However, Chambers does not, in the process of criticizing a particular approach and type of engagement, suggest it is valueless: "Top-down centre-periphery transfers are found worldwide. They have benefits as well as costs. At their best, they can lead to huge gains like the elimination of smallpox, the sharp reduction of polio, and the spread of literacy. At their worst, Model-Ts, whether technologies or of time-bound procedures, demoralize staff and harm people" and yet "inappropriate Model-T approaches have proved robustly sustainable. On a wide scale they continue to override local priorities, inhibit participation, obliterate diversity, and disseminate technologies which do not fit the local needs of the poorer" (p. 74-75). Chambers thus does something many find difficult to do: radically critique and challenge while also offering praise. Later, the author addresses this point: "In seeking to do better, criticism is easy. To be constructive is harder. Taking responsibility and accepting risk by actually doing something is hardest of all. But much of the best learning is through self-critical commitment to action, to engagement with the world, to learning by doing." (p. 100). This position contrasts others, like Tania Li, who prefers to stand aside and provide the supposed rational, external diagnostics.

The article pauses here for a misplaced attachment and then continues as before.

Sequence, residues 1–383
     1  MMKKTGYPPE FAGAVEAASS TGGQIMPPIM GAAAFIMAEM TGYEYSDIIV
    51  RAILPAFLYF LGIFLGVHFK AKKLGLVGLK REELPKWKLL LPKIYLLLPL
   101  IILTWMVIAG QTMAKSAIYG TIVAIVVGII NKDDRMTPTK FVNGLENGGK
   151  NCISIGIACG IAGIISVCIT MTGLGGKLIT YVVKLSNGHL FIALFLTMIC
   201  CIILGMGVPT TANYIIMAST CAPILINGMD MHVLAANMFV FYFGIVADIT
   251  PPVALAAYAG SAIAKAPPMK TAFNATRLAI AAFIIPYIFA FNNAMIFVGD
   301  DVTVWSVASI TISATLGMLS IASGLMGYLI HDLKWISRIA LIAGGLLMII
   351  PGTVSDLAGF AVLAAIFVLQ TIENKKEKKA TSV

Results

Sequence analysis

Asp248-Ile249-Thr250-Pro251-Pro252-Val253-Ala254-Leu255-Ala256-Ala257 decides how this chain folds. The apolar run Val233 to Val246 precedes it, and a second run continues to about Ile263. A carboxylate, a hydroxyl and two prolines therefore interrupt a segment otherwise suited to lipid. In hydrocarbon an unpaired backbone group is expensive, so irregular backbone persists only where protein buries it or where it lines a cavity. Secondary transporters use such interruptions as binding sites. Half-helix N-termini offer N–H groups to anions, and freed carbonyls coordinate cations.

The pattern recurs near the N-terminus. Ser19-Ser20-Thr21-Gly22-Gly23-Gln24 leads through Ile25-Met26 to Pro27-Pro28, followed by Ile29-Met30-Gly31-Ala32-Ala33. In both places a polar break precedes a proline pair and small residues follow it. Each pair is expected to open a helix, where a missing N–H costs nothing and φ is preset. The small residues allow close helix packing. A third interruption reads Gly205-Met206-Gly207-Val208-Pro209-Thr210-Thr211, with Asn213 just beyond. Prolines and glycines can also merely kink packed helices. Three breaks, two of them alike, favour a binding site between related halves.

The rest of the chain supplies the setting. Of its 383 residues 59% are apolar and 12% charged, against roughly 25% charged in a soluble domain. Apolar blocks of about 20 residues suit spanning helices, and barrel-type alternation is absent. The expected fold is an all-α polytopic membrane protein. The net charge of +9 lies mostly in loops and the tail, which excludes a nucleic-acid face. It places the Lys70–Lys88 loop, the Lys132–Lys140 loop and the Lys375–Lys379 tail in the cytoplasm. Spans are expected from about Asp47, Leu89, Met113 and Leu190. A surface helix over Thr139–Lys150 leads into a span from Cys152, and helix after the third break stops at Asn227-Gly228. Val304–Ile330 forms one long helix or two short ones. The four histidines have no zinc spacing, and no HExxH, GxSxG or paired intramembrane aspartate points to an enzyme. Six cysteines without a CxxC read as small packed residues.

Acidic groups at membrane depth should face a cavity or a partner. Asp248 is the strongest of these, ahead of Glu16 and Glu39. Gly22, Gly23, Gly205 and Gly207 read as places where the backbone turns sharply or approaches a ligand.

Something that resonated with me, having struggled to convey the challenges of data collection, metrics and analysis to others, was Chamber's deconstruction of the questionnaire: "Typically, questions and categories are thought up in some central place, far removed from the field. A research funding body may even set conditions that make this mandatory…To my shame, in the early 1970s, I sat with colleagues in Cambridge (England) and drew up a questionnaire to be applied in Tamil Nadu and Sri Lanka. At the time it did not seem wrong. Nor is this behavior exceptional, even in the 1990s" (p. 93). To which I will emphasize, nor is it exceptional in 2017, unfortunately. Numerous parts of the book explore the challenges of determining what is best to measure, and how to measure it, and what it means (e.g. p. 177), which is a good reference for anyone struggling to convey the important of relevant questions, measures, metrics and analysis.